This depends on a lot of things, in some situations it is correct to just give up, in others it is correct to triple barrel bluff.
I would say, among other factors like stack size and the type of game, the two most important things are your opponent and how much strength you showed preflop.
If you are playing in a cash game live at a casino, ...
I suggest you two option :
Online with this
On pc,(best in my opinion) Equilab is a free software
where do you able to save your range.
Keep in mind : many poker room, like pokerstars, don't accept equilab running on pc while pokerstars running too.
you can email most online poker sites and get them to set up a restricted game with your desired blinds/structure, and I believe PokerStars and PartyPoker (GVC) both let you create you own games via the client.
if ONLY two players. If I call you, YOU have to show me your cards, otherwise if you don't, YOU have MUCKED them and I win. How is this even a question. the question is does the person that CALLED have to show his hand. I say no he can muck. He gave the winner his money the winner needs no more information. AND D@#$%%^^& sure not the cowards that ...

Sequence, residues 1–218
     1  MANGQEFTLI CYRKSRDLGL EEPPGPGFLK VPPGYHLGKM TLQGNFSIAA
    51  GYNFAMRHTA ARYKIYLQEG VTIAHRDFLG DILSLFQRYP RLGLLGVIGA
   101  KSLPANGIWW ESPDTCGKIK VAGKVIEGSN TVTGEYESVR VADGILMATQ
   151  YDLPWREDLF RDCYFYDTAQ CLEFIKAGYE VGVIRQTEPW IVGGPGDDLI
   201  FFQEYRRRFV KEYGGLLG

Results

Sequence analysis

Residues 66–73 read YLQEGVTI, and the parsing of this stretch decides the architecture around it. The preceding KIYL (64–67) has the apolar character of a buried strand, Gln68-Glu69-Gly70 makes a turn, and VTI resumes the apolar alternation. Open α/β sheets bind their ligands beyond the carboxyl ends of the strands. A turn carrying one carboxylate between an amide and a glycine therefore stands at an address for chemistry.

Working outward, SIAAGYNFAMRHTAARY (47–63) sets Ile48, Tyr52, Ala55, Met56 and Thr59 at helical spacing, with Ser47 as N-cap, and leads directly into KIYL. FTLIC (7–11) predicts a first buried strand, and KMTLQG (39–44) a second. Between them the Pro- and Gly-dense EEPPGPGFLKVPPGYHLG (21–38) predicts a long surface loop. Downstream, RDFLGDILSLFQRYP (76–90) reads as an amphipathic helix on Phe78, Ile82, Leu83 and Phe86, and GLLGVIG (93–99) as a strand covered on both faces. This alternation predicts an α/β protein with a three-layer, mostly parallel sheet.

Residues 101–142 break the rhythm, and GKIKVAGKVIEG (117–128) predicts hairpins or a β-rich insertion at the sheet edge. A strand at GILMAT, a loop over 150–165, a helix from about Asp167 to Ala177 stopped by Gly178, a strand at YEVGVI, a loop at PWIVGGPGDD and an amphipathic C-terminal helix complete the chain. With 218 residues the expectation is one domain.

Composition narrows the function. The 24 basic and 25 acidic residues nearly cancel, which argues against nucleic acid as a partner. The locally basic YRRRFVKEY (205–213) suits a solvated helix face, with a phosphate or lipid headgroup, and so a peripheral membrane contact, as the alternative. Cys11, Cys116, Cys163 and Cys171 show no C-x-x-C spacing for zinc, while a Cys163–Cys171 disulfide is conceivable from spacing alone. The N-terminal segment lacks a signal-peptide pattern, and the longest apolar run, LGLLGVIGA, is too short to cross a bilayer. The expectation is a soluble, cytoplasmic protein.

Asked to give a couple of more examples of using this little Scala program I posted, so here they are.
Same "A-diamonds, Q-clubs" or "AdQc", but with 2, 4, 7, and 10 players at the table:
scala> e("AdQc", 2)
64%, with 2 players, for the hand AQo
scala> e("AdQc", 4)
37%, with 4 players, for the hand AQo
Your opponent is bad, and is playing a single heads up match against you for $1000, then will go home. In the first hand your opponent open shoves and flips over his hand. You look at your hand and calculate you have a 51% to win the tournament if you call. Should you?
The quick answer is yes, calling is clearly +EV. However, it is probably more +EV to ...
In this instance, it looks like the author is using the term "volatility" as a way of describing "variance" (or as a replacement for the word). A short definition is included in your quote, but another way I would put it is "the amount in which the outcome in a particular hand could vary". The calculation comes from statistics, ...